A Tasteful Affair
Eat, Drink and be Merry.
Maybe you’re organizing the swankiest shindig that ever hit North Raleigh.
Or perhaps you’re creating a small soiree for your closest BFFs in Hillsborough. From one extreme to the other and every gathering in between, the holiday hostess with the mostest creates an evening to remember.
From recent cookbooks, here are recipes for festive treats your guests will love to nibble and sip.
The Christmas Table:
Recipes and Crafts to Create
Your Own Holiday Tradition
By Diane Morgan
Published by Chronicle Books
A perfect balance of sweet and tart and blushed with color. Bring out the seasonal joy of fresh pomegranates with a garnish of fresh ruby-red seeds.
1 lemon wedge
2 ounces (1/4 cup) citrus vodka
1 ounce (2 tablespoons) pomegranate juice
1/4 ounce (1-1/2 teaspoons) fresh lemon juice
1/2 teaspoon grenadine (syrup flavored with
6 pomegranate seeds
Lemon twist (peel of lemon)
Spread a little superfine sugar on a small saucer. Rub the rim of a martini glass with the lemon wedge, and then invert the glass onto the sugar to coat the rim. Discard the wedge.
Fill a cocktail shaker with ice and add the vodka, pomegranate juice, lemon juice and grenadine. Cover, shake vigorously and then strain into the prepared glass. Garnish with the pomegranate seeds and lemon twist.
Yield: 1 serving
50 Recipes for Sublime and Spiritual Infusions to Sip and Savor
By A.J. Rathburn
Published by the Harvard Common Press
Irish Cream Liqueur
This luscious treat is a holiday hit. It delightfully matches the festive spirit and is perfect as a warming dessert drink or as a gift, even if the gift is only for yourself.
One 14-ounce can sweetened condensed milk
1-2/3 cups Irish whiskey
1 cup light cream
2 tablespoons chocolate syrup
1 teaspoon instant coffee granules
1 teaspoon pure vanilla extract
1 teaspoon almond extract
Put all of the ingredients in any order you want in a sturdy blender. Blend on medium for 1 minute,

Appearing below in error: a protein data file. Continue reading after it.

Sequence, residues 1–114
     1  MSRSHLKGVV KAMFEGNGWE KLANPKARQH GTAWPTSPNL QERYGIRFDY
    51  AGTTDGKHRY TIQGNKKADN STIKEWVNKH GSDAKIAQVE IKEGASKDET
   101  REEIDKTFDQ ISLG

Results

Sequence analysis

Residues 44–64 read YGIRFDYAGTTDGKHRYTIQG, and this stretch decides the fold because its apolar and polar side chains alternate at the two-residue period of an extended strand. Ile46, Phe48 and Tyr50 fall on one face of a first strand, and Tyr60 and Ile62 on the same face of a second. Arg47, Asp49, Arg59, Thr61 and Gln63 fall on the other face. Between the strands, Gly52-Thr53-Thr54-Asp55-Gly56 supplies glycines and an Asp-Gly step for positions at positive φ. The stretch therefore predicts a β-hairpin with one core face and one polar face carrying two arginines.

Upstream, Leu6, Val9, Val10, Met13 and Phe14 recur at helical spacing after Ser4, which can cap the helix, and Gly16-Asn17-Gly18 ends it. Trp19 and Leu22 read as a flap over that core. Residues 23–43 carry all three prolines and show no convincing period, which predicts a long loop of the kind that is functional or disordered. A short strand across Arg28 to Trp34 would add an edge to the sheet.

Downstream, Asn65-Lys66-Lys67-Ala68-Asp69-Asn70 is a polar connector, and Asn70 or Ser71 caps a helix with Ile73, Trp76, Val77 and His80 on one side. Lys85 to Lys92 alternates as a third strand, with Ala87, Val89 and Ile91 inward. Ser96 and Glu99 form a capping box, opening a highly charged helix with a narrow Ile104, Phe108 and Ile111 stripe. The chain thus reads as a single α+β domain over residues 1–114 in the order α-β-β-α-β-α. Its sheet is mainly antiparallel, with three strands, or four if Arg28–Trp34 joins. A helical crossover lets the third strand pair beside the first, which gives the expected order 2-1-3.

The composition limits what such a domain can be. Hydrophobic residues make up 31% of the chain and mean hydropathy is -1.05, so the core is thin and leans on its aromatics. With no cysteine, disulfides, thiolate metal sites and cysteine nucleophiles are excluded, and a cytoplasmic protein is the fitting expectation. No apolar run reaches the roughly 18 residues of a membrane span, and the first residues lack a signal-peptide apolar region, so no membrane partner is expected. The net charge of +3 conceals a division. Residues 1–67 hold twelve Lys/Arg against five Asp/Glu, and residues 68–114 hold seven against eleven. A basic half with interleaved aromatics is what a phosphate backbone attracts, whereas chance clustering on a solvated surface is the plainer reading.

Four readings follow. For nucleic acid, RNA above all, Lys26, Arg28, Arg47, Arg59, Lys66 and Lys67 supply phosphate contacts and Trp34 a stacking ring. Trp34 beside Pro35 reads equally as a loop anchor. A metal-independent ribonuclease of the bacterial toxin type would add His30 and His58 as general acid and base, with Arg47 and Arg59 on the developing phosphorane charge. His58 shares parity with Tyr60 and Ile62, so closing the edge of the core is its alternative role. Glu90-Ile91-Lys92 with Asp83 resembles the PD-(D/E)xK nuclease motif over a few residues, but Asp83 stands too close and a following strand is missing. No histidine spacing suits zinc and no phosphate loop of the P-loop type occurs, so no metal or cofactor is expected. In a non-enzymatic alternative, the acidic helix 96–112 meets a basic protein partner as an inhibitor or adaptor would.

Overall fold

making sure that everything is completely combined.
Pour the mixture into 1 large (at least 1-1/2 liters) bottle or a number of smaller bottles or jars with tight-fitting lids. Seal and refrigerate before using. (It can also be placed in the freezer, but it might get slushy.) You can serve this right away, and please consume within 2 weeks.
Yield: About 2-1/2 pints
Memorable Meals for Great Gatherings
By Candace Floyd, Anne Gillem, Nancy S. Hughes and Jill Melton
Published by William Morrow
Spicy Island Shrimp
This is a favorite family recipe. I brought a bowl of spicy island shrimp to a Christmas party to share with friends and guests. It disappeared from the serving table shortly after my arrival. The following year, my identical offering to my friend’s party never app-eared on the serving table. When asked about this situation, the friend said he enjoyed it so much he kept it for himself rather than share it with his guests. It became a Christmas gift to him from then on.
1 cup mayonnaise
1/3-1/2 cup chili sauce
1/4 teaspoon black pepper
1 teaspoon salt
1 large garlic clove, minced
1/8 teaspoon cayenne pepper
2 pounds cooked large shrimp, chilled
2 medium green onions, finely chopped
1/3 cup finely chopped red bell pepper
2 tablespoons capers, drained and finely chopped
2 tablespoons prepared horseradish, well drained
Combine the mayonnaise, chili sauce, black pepper, salt, garlic and cayenne in a bowl and mix well. Add the remaining ingredients and toss to coat.
Arrange on a lettuce-lined platter or in a bowl and serve immediately for a pungent flavor or cover with plastic wrap and refrigerate for 8 hours for a more blended flavor. Lobster or chicken may be substituted for the shrimp.
Yield: 12 to 16 servings
The Paley’s Place Cookbook:
Recipes and Stories From the Pacific Northwest
By Vitaly Paley and Kimberly Paley
Published by Ten Speed Press
Roman-Style Chopped Chicken Liver
My mother and I left Russia in 1976 when I was 12, setting out through Eastern Europe by train and by bus, feeling like gypsies and happy to be free at last. Eventually we got to Rome, home to centuries-old Jewish traditions and, in the 1970s, the Italian version of Ellis Island.
The food there made my head spin — I tasted my very first bite of pizza, my first gelato. The smell of coffee would reel me into a cafe from a block away. My mother got creative with what little means we had and made sure we ate well, in a way that would pay huge dividends in my adult life.